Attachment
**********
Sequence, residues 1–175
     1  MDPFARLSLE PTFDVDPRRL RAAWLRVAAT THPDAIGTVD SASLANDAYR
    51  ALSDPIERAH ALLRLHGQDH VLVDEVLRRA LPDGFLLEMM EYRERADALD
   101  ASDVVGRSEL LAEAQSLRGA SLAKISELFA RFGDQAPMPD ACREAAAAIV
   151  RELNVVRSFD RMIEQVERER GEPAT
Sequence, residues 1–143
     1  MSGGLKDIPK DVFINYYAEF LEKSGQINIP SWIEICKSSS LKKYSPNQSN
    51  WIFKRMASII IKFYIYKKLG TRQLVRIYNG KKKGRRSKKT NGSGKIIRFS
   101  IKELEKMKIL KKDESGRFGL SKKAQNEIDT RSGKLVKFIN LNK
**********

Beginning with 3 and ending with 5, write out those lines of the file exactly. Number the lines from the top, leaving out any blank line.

    51  ALSDPIERAH ALLRLHGQDH VLVDEVLRRA LPDGFLLEMM EYRERADALD
   101  ASDVVGRSEL LAEAQSLRGA SLAKISELFA RFGDQAPMPD ACREAAAAIV
   151  RELNVVRSFD RMIEQVERER GEPAT